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Story Review: A Sheltered Woman by Yiyun Li

a sheltered woman

The emergence of this short story was propelled by a notebook bought by the writer from a garage sale when she first came to the USA.

I admit that there’s not much to go on with that introduction, but we have to remember stories like ‘Extremely Loud and Incredibly Close’, wherein the premise was prompted by an unknown key, just saying.

Auntie Mei had long ago accepted that she had, despite her best intentions, become one of those people who talk to themselves when the world is not listening.

To fully appreciate this story, one has to comprehend the concept behind maternal instinct. I am not suggesting the idea of (biological) motherhood. Simply tap your compassion, your emotional capacity to care, specifically for an infant.

For the great part, I enjoyed reading Aunt Mei’s unspoken thoughts. Her honesty and adherence to principles are admirable. She has a sharp wit and focused undertaking of matters at hand. Her strictness with efficiency made her a well-sought nanny by many expecting parents. She upholds her reputation so well that she had a hundred and thirty-one babies on record under her belt.

Not knowing them, Auntie Mei, too, had the good fortune of not wanting to know anyone who came after: her husband; her co-workers at various Chinese restaurants during her yearlong migration from New York to San Francisco; the babies and the mothers she took care of, who had become only recorded names in her notebook.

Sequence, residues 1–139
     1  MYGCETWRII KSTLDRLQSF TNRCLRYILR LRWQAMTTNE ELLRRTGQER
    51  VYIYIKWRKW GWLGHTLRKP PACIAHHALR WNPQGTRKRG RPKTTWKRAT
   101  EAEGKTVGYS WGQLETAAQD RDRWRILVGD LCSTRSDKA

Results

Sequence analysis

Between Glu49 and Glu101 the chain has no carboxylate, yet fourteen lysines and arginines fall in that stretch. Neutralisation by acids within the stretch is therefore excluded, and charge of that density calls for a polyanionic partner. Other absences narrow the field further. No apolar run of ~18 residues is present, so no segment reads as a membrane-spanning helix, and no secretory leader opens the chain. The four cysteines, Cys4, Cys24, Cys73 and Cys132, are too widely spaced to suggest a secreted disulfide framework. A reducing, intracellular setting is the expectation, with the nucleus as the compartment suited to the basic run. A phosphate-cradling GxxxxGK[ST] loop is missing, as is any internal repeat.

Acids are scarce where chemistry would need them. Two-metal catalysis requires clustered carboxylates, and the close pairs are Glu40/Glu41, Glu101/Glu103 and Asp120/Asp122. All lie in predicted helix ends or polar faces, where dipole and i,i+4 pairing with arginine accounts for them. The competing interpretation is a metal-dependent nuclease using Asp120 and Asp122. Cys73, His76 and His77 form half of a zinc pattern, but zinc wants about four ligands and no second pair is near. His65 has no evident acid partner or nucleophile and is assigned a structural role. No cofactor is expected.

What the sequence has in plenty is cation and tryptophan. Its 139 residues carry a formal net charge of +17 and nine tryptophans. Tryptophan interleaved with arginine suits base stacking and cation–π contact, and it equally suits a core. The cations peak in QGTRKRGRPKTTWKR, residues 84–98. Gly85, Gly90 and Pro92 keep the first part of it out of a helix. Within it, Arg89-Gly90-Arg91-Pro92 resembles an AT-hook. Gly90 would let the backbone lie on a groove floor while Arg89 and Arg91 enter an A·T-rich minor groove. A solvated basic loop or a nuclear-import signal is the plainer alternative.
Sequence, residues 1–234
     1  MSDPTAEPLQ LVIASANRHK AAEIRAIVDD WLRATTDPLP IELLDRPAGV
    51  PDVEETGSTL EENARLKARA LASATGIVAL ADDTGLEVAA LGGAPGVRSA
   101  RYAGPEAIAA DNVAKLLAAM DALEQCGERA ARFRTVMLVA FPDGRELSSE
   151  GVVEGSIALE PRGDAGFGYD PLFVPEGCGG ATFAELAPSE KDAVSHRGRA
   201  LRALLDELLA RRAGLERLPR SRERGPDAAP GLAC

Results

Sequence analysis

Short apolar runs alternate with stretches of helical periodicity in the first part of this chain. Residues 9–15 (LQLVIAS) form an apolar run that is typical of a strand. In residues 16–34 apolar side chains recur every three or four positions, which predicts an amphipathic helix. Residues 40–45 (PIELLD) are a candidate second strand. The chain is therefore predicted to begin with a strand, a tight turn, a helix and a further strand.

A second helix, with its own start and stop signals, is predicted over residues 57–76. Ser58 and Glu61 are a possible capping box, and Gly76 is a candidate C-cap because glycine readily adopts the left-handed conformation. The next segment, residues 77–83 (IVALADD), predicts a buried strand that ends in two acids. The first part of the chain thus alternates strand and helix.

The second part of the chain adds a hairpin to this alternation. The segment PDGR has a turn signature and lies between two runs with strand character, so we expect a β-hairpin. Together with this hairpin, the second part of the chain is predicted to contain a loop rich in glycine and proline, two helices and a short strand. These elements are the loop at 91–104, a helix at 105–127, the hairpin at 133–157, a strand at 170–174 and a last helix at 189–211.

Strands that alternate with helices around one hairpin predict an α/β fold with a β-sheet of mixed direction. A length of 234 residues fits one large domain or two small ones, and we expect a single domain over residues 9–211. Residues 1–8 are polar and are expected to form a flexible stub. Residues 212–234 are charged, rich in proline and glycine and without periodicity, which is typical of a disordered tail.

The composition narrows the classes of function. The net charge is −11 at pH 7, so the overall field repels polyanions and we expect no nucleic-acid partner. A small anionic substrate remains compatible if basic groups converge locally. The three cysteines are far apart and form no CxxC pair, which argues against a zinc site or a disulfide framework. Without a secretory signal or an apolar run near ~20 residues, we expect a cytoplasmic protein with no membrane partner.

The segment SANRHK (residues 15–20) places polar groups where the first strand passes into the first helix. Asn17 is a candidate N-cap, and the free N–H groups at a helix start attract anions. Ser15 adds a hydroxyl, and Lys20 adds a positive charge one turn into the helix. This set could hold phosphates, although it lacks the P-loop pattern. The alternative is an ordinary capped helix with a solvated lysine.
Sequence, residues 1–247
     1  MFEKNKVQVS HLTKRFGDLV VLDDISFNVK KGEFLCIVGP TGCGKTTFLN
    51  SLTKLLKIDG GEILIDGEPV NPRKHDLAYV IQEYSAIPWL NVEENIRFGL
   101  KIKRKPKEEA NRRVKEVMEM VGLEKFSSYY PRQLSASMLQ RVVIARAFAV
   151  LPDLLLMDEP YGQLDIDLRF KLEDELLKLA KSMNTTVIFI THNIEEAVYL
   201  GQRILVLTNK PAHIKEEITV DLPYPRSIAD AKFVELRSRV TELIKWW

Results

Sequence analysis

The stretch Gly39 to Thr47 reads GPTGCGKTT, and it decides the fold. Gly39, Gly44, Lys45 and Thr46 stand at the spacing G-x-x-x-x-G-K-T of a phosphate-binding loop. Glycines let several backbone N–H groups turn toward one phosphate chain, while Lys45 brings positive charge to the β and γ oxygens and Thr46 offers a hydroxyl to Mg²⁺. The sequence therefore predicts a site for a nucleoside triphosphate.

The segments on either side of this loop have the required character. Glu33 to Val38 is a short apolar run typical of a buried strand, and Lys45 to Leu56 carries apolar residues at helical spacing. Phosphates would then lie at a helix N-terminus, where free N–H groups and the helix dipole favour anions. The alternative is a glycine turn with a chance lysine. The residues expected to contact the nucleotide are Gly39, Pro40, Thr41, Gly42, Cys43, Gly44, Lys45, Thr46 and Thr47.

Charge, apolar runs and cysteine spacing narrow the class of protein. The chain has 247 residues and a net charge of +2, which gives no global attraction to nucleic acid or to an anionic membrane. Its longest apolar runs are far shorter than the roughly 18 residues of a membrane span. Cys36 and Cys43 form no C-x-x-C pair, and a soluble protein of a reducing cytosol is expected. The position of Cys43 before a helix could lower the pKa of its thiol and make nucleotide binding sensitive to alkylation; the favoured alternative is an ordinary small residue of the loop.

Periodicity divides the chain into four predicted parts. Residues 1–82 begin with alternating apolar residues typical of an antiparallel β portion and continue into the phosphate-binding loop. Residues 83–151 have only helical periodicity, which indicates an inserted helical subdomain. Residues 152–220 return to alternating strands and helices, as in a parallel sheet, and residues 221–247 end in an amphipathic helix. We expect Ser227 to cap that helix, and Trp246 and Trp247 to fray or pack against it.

Aunt Mei’s personal history is not entirely damaging. Nonetheless, it is emotionally formative in a resilient sense. Her life is greatly influenced by her maternal side of her family. The main core of her upbringing is made up of abandonment and resentment, which brought grave effects on the male members of her family.

As a hired nanny, Aunt Mei’s choice to care for mothers and babies strictly for only a month is not a product of apathy, but a higher recognition to hurt that may be inflicted on people she cared for. This, if you give it rational thought, is a noble act.

She had, unlike her mother and her grandmother, talked herself into being a woman with an ordinary fate. When she moved on to the next place, she would leave no mystery or damage behind; no one in this world would be disturbed by having known her.

Rating: 4/ 5 stars


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